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Contract? What contract?



An outlandish Bond-esque idea actually may deliver real environmental and financial promise.

What self respecting paper company would look to develop paper that could be reused multiple times at an affordable price? One that is in the printer, apparently. The Palo Alto Research Center (PARC) a child of printing giant Xerox have been developing a unique paper with fading "ink" that it soon hopes to market.

The process requires the works -- a special printer and a special type of paper -- but the results are intriguing. After 16 to 24 hours the "ink," once printed clearly on the page fades. This could have numerous uses such as being used for memos, restaurant menus, and much more. After the "ink" fades, the paper can be reused.

The paper utilizes a coat of photosensitive chemicals, which darken when exposed to UV light. The printer uses no real ink, but writes in UV light. Users can wait for the ink to fade, or put it back in the printer, which will automatically wipe anything on the sheet, even if it hasn't yet faded.

According to Xerox, the technology is only a few years away from hitting the market. Eric Shrader, area manager, energy systems, device hardware laboratory at Xerox says one key advantage is that the same sheet of paper, in testing, has been shown to be able to be reused hundreds of times. Only damage or crumpling would prevent reuse.

The end result is a large savings in energy and production costs. Reusing is better than recycling or making new material from scratch in that it takes less energy and resources. It takes 204,000 joules to make a sheet of standard 8.5x11 paper, enough power to run a 60 watt lightbulb for an hour. It takes 114,000 joules to recycle the same size piece of paper. Printing that size on a traditional printer requires around 2,000 joules.

The UV printer only requires 1,000 joules to print with erase, or 100 joules to print to a faded sheet. Thus not only are the paper production costs dramatically decreased, but the printing costs are as well. According to Schrader, "Being able to reuse paper is a big energy win."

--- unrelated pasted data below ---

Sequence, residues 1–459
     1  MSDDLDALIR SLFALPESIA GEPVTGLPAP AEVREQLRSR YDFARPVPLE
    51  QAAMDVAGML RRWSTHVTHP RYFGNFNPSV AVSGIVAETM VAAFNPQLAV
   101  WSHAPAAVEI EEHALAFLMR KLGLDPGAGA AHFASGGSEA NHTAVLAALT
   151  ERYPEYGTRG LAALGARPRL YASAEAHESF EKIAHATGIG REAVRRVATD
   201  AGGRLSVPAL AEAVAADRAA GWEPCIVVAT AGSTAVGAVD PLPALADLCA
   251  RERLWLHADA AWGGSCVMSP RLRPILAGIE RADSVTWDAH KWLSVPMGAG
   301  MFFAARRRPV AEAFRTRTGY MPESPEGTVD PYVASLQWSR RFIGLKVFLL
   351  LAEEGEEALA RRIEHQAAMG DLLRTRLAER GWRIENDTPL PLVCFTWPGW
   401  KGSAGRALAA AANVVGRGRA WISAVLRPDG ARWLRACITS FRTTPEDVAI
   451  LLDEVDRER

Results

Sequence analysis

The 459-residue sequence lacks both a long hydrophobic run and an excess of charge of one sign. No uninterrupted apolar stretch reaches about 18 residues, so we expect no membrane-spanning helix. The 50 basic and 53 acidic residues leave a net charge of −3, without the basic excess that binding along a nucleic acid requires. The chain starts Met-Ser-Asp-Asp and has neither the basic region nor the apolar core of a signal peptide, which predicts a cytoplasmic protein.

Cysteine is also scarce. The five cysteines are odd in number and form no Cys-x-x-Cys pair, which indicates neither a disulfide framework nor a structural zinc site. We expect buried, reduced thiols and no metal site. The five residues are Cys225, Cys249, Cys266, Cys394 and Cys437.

PARC has focused heavily on power usage over the years. The enterprising center helped to create the PC, inkjet printing, and Ethernet networking. In its early days it often failed to properly secure its inventions, so other companies like Apple Computer openly "borrowed" from it. Today the center focuses on developing, securing, and licensing new innovative technologies.

While some documents such as reference manuals or important business documents obviously would not be appropriate for fading ink, much of the printing demands of business are one-time use. Xerox estimates that 44.5 percent of documents are one-time use, and that 25 percent of documents are recycled within their day of creation. With over 15.2 trillion pages printed worldwide, according to Lyra Research, the environmental, financial, and social ramifications of employing Xerox's technology are rather staggering.

Shrader sees paper as only going to grow with increased digital interaction and presence. He jokes, "Think of the Google map you printed to get here. Thirty years ago, we said the future was paperless."

The reusable paper is slightly more expensive than traditional paper. The photosensitive molecule inside is proprietary. The test version was yellow with purple ink so that testers could distinguish the special paper. However, white paper is available with different ink colors.

Sourced from Daily Tech


FPCH Long Term Member
Dec 13, 2007
PC Experience
Some Experience
Operating System
Windows Vista - Home Basic
very interesting